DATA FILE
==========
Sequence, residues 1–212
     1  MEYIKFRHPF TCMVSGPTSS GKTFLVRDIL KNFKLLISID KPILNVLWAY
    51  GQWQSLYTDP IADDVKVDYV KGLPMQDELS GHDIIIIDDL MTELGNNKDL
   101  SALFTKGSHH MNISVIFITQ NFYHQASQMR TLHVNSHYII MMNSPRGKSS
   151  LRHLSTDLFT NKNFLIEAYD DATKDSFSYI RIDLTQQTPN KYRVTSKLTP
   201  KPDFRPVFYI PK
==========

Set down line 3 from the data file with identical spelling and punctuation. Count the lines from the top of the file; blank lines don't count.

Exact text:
    51  GQWQSLYTDP IADDVKVDYV KGLPMQDELS GHDIIIIDDL MTELGNNKDL